Celebrate Chinese New Year, the Year of the Horse, in...Kansas City?

Posted Jan 30th 2014 11:21 AMUpdated Jan 30th 2014 11:48 AM

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Bruce N. Meyer
Although many of us are still recovering from our New Year's celebration and getting accustomed to writing 2014 instead of 2013 – it's time to start the party all over again. January 31 is the beginning of the Chinese year 4712, also known as The Year of The Horse. And for those of Chinese ancestry, this is the party of the year. Fireworks, parades, family gatherings -- it's like all North American holidays and celebrations rolled into one.

In addition to the 1.3 billion people celebrating on mainland China, millions more celebrate throughout the world, many who are not even Chinese. It's like everyone is Irish on St. Patrick's Day, right? The Chinese New Year is the day we all become just a little bit Chinese.

One of the big parties in the United States is at the Nelson-Atkins Museum of Art in Kansas City, Missouri -– yes, Kansas City. The Nelson-Atkins is renowned for its 7,500-piece collection of Chinese art that includes masterpieces from every period and medium.

"Many of these treasures were acquired for the museum by Laurence Sickman, a Harvard-Yenching scholar resident in Beijing in the early 1930s who later became the museum's first curator of Oriental art," said Colin Mackenzie, senior curator of Chinese art.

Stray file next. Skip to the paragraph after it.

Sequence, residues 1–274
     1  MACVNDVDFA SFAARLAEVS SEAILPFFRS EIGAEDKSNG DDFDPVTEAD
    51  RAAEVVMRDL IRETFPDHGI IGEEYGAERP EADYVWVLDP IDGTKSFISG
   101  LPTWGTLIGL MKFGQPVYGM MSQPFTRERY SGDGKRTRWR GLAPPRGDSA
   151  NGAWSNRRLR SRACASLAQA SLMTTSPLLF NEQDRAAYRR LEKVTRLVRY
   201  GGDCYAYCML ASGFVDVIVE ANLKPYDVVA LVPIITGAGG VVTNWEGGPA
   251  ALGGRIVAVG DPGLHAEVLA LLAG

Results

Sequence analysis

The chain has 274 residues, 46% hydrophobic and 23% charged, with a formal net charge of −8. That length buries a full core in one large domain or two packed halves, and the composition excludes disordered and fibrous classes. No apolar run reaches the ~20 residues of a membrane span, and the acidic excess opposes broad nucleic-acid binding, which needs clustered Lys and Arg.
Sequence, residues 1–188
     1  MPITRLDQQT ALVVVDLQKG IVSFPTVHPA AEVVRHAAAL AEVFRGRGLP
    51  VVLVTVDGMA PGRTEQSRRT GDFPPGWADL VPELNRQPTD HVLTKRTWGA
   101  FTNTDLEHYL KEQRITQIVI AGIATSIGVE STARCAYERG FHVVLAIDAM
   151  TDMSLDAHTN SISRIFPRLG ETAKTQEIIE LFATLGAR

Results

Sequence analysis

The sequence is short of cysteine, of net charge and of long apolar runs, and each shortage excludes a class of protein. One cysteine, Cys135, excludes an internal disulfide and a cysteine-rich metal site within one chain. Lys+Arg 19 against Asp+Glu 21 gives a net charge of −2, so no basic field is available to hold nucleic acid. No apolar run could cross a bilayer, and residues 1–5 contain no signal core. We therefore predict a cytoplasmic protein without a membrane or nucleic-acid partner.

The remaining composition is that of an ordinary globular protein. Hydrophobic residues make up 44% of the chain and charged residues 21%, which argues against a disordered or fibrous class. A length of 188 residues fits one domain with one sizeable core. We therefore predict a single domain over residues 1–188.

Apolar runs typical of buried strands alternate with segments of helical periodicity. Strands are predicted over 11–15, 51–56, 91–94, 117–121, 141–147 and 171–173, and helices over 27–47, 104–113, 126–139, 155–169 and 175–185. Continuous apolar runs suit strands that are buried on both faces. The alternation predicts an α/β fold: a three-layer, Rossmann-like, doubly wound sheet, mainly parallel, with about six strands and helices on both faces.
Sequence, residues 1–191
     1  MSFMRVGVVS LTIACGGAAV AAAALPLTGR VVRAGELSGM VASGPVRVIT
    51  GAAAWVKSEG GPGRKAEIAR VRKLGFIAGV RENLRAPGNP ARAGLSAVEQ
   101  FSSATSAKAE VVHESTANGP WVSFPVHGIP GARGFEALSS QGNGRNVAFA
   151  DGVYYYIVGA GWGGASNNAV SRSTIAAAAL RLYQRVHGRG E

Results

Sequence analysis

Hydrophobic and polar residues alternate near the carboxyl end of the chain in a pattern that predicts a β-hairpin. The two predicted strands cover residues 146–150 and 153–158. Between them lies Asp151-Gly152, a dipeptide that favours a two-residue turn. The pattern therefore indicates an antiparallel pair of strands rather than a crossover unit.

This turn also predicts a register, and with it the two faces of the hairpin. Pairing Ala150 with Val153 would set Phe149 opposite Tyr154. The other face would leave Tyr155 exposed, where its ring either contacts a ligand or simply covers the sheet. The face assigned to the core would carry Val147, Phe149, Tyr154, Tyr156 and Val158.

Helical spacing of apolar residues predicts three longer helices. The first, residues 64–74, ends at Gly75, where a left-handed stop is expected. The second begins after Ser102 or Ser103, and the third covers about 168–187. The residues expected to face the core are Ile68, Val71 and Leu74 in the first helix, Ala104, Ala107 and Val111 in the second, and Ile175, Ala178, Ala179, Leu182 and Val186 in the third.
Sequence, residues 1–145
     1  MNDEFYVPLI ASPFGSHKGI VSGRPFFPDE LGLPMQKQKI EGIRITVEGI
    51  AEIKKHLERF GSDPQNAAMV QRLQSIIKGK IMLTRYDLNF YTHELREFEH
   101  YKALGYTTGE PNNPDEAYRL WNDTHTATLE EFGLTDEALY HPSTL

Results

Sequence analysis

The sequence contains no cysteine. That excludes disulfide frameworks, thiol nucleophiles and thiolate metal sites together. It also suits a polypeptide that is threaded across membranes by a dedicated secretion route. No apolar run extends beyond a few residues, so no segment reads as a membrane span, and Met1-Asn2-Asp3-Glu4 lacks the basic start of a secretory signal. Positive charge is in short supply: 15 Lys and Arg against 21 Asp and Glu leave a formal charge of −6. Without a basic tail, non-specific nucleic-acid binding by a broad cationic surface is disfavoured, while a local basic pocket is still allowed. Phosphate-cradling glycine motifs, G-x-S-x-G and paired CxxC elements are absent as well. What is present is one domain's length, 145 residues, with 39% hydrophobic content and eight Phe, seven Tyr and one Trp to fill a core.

The Friday night party celebrates the opening of a new exhibit -- "Living with the Spirits: Decorating Homes in Traditional China."

Chinese New Year at the Nelson includes performances by multiple traditional Chinese dance groups, tea demonstrations and tastings, lessons in Tai Chi and calligraphy. Chinese food will be available along with plum wines.

Chinese checkers tournaments are on the agenda along with another Chinese board game called Wei Qi and of course, the ever popular Chinese yo-yo. You can also dress in traditional Chinese clothing and take a brief spin in a rickshaw. Oh, the Facebook posts we anticipate from that outing.
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Nelson-Atkins Museum of ArtGuanyin of the Southern Sea, Liao (907-1125) or Jin Dynasty (1115-1234)
Filed Under: News, Arts & Culture, Holidays

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